Jaki Irvine: If the Ground Should Open...

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Jaki Irvine: If the Ground Should Open...
Jaki Irvine, 'If the Ground Should Open...', 2016. Commissioned by the Irish Museum of Modern Art. Courtesy of Frith Street Gallery, London.

Did you know there are visible bullet holes in the side of the Dublin General Post Office from the 1916 Easter Rising? If you’ve ever been to Ireland’s capital it’s likely you do – it’s a fact Irish people cannot physically keep to themselves, myself included. You might even know the name of the rebellion’s leaders: Pádraig Pearse or James Connolly. But the female rebels – like Elizabeth O’Farrell, Aoife de Burca, Margaret Skinnider and Julia Grenan – rarely ring any bells, Irish or not. The Rising saw that GPO turned into a garrison during the fight for Irish independence. The event is told as a story of masculinity, of ‘republican brotherhood’. But when Pearse decided to surrender, it was Elizabeth O’Farrell who faced the possibility of British bullets to deliver the white flag. In the cropped press photo, she was airbrushed from history.

Irish artist Jaki Irvine doesn’t just want you to know the names of these women, she wants you to experience them through her audio-visual installation. The show is an evolution from her book ‘Days of Surrender’, an account of the O’Farrell tale. Using the ‘canntaireachd’, an oral scoring system for Scottish bagpipes, Irvine has turned the letters from the names of O’Farrell, Grenan and other rebels into a disturbing melody. They create the musical ‘ground’ we cannot walk over.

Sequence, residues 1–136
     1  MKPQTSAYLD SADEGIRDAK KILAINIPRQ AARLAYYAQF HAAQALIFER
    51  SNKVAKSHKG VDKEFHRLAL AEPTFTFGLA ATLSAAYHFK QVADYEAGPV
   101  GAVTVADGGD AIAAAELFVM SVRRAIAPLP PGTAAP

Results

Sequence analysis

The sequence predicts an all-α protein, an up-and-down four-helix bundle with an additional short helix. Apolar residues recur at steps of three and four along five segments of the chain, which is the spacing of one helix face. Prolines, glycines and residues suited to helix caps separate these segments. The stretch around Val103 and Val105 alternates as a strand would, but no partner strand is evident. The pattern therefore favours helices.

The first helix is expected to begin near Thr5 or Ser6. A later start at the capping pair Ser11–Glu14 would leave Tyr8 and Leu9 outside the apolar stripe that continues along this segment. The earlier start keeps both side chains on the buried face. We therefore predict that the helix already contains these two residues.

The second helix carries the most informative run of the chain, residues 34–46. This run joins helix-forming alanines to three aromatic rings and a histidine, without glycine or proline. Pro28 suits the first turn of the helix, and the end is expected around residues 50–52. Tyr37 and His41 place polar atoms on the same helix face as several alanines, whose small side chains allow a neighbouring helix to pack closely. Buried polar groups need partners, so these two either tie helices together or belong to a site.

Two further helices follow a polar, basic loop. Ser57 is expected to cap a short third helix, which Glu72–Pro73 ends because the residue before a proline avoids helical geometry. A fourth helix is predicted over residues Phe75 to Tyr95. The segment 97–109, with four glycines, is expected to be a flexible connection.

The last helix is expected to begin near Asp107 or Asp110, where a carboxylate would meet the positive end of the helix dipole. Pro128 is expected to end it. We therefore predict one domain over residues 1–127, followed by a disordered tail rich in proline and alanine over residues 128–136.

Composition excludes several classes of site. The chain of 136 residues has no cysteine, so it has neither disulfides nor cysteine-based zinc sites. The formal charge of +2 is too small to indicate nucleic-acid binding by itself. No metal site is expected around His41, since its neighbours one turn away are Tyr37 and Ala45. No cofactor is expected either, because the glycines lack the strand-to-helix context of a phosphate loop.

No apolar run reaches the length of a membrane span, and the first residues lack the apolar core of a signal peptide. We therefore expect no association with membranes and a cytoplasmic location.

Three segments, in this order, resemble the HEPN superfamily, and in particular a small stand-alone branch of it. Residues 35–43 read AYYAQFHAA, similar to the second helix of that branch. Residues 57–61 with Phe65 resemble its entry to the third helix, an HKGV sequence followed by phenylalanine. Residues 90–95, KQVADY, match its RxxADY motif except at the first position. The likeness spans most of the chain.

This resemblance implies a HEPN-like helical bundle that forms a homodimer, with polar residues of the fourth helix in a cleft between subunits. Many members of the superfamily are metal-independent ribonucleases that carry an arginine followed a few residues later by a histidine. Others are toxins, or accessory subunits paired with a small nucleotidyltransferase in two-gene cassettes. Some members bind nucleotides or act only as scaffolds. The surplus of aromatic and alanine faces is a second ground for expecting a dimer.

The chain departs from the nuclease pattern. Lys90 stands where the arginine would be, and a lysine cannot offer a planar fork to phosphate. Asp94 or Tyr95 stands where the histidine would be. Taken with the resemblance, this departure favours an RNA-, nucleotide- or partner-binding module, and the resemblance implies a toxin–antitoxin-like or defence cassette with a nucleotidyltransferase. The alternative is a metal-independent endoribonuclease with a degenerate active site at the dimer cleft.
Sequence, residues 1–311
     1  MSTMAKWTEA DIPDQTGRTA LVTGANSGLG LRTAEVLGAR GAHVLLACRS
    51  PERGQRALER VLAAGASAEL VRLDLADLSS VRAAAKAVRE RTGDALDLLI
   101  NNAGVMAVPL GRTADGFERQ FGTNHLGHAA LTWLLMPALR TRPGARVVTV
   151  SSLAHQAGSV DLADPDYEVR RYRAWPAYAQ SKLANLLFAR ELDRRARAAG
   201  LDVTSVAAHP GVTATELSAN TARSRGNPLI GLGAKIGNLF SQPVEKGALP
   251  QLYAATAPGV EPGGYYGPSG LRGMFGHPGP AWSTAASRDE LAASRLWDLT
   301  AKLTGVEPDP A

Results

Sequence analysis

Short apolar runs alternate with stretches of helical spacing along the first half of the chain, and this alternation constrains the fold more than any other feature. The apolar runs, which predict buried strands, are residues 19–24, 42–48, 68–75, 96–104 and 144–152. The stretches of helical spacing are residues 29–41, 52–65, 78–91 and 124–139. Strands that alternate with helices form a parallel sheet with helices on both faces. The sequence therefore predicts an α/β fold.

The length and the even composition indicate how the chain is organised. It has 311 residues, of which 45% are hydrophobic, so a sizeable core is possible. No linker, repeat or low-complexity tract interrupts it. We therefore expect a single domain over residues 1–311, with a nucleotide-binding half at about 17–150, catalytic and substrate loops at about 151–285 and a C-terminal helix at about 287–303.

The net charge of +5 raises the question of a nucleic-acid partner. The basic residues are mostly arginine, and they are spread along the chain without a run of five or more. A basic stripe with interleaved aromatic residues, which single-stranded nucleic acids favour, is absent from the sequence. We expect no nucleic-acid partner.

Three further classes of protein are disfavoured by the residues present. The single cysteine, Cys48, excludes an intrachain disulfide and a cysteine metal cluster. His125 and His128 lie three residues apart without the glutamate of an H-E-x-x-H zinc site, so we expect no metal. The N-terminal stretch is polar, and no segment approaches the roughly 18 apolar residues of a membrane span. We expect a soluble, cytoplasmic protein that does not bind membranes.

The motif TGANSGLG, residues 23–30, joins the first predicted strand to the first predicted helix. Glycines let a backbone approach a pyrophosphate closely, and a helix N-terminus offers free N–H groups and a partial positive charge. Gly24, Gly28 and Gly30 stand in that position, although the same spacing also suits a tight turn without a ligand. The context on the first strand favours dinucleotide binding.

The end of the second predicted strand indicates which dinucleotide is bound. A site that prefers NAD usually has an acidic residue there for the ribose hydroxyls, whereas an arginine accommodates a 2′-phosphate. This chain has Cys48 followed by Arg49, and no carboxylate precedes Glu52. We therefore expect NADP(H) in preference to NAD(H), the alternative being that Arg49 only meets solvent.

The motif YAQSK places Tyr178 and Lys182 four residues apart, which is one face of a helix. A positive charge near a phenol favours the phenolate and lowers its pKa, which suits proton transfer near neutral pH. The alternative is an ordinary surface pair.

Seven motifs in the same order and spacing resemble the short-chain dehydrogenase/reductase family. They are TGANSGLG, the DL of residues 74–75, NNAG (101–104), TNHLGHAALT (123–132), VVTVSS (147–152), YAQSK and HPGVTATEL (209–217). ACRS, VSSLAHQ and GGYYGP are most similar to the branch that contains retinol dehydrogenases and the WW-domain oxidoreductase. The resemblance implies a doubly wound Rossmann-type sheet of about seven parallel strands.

Black and white footage of instruments played by female musicians sparks on eight TV sets across the gallery space. The sound is fragmented, electric and unpredictable – where you stand changes what you hear, creating overwhelming aural paranoia. Etchings made from the pages of Irvine’s book are on the walls; look behind the scribbled treble clefs and crochets for her fine prose.

The only chink in the armour is audio of a leaked phone call between two boorish Anglo-Irish bankers who helped lead the country into the 2008 financial collapse. It’s a point about modern treason making a mockery of the 1916 ideals, but it feels like an interruption.

All the same, Irvine has struck a powerful chord, and given us a better story to tell than the one about those hollow bullet holes.

By: Katie McCabe

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